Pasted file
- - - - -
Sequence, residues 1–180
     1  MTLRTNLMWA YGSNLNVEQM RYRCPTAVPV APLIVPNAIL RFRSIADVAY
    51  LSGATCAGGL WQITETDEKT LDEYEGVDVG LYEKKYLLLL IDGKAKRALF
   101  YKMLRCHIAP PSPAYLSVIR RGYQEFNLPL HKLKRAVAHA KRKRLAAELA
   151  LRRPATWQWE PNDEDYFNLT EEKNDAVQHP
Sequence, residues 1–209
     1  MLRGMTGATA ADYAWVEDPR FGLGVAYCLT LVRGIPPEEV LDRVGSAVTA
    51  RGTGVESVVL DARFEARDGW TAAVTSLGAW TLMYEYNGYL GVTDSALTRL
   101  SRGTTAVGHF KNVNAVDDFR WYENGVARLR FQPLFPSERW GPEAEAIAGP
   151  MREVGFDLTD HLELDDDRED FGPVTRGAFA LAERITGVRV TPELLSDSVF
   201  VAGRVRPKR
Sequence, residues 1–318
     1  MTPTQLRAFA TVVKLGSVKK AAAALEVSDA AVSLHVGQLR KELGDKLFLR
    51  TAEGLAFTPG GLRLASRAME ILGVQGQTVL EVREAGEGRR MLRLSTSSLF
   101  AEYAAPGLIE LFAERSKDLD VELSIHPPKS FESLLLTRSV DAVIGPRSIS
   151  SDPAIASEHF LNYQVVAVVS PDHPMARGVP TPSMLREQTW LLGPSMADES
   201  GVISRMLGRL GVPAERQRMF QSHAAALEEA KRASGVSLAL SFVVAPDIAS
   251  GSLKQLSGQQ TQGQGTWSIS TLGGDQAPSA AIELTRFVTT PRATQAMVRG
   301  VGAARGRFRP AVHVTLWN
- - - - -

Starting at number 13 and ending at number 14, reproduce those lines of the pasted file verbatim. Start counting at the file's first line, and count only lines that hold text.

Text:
     1  MTPTQLRAFA TVVKLGSVKK AAAALEVSDA AVSLHVGQLR KELGDKLFLR
    51  TAEGLAFTPG GLRLASRAME ILGVQGQTVL EVREAGEGRR MLRLSTSSLF